While all workers in the lab are responsible for contributing to a safe working environment, the Occupational Safety and Health Administration (OSHA) requires supervisors to play an important role in identifying and avoiding hazards, maintaining a clean and safe lab, training employees, preparing for emergencies, and keeping records. This training session will help laboratory supervisors understand the specifics of their role in implementing and demonstrating safe lab procedures.
This training session will help trainees gain a better understanding of their role as a supervisor in implementing and maintaining chemical hygiene and safety in the laboratory. Trainees will be able to identify the relevant OSHA standard for laboratory safety and discuss major components and requirements. By the end of this session trainees will be able to:
- Describe the supervisor’s role;
- Identify the appropriate OSHA standard;
- Discuss key components;
- Identify hazards and how to avoid them; and
- Relay lab safety procedures to others.
Why “Laboratory Safety: The Supervisor’s Role” Matters:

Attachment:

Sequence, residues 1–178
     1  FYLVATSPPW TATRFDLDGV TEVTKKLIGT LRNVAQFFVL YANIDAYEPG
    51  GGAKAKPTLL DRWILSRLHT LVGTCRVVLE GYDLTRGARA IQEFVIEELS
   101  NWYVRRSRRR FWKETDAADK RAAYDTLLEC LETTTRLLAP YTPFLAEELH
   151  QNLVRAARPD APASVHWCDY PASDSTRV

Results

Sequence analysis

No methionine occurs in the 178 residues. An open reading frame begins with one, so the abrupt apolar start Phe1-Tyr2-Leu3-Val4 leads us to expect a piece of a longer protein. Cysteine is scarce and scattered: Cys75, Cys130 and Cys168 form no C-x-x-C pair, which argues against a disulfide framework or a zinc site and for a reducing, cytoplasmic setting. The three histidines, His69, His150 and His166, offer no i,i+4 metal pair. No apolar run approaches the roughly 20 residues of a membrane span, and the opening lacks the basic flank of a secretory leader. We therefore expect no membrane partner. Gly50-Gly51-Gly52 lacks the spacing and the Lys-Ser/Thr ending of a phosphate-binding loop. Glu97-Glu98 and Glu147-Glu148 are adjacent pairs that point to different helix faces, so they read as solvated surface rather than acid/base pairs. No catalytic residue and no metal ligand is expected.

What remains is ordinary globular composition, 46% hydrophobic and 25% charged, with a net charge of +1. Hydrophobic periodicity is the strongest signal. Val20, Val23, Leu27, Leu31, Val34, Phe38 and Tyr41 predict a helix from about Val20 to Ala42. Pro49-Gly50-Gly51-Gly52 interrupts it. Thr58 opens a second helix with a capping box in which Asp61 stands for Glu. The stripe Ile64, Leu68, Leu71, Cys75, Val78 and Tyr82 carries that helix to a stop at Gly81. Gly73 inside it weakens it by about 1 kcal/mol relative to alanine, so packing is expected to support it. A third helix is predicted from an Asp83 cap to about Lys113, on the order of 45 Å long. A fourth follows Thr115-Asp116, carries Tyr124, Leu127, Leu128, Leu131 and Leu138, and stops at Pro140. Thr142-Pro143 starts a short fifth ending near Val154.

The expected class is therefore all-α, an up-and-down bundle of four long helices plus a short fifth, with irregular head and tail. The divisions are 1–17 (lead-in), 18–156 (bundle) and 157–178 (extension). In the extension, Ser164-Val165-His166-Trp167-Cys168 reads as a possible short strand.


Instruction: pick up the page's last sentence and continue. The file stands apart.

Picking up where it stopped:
While all workers are subject to OSHA’s Laboratory Standard, overall responsibility for chemical hygiene and lab safety lies with the laboratory supervisor. The standard outlines specific duties for the supervisor, including:
Ensuring that upon hiring or assignment, and periodically thereafter, all workers know the chemical hygiene rules applicable to your lab and ensuring that they are followed. It is your responsibility to discuss the nature of the research being conducted and the chemical, physical, and biological hazards that are present.
Ensuring that employees are using safe handling techniques.
Ensuring that appropriate personal protective equipment (PPE) is available and in working order.
Planning and overseeing regular, formal chemical hygiene and housekeeping inspections, including routine inspections of emergency equipment to ensure that equipment is in working order, instructions are clear, and employees know how to use them.
Knowing which substances are being used in the lab and any legal requirements for those substances, including handling, storage, and labeling. This information must also be relayed to all lab employees. Safety data sheets (SDSs) for each substance should be readably accessible to all employees.
And finally, when ordering substances for use in the lab, you should evaluate your lab to determine that the appropriate storage facilities exist and that all required training is fulfilled before that substance is used.
The key points from this course include:
- Overall responsibility for chemical hygiene and lab safety lies with you.
- Diligent housekeeping and regular inspections can help avoid many hazards.
- Appropriate personal protection must be available.
- Increasing your knowledge of the chemicals in use and relaying that knowledge to your coworkers boosts safety.
- Detailed recordkeeping is essential.
- By taking responsibility and getting others to do the same, we cultivate a culture of safety.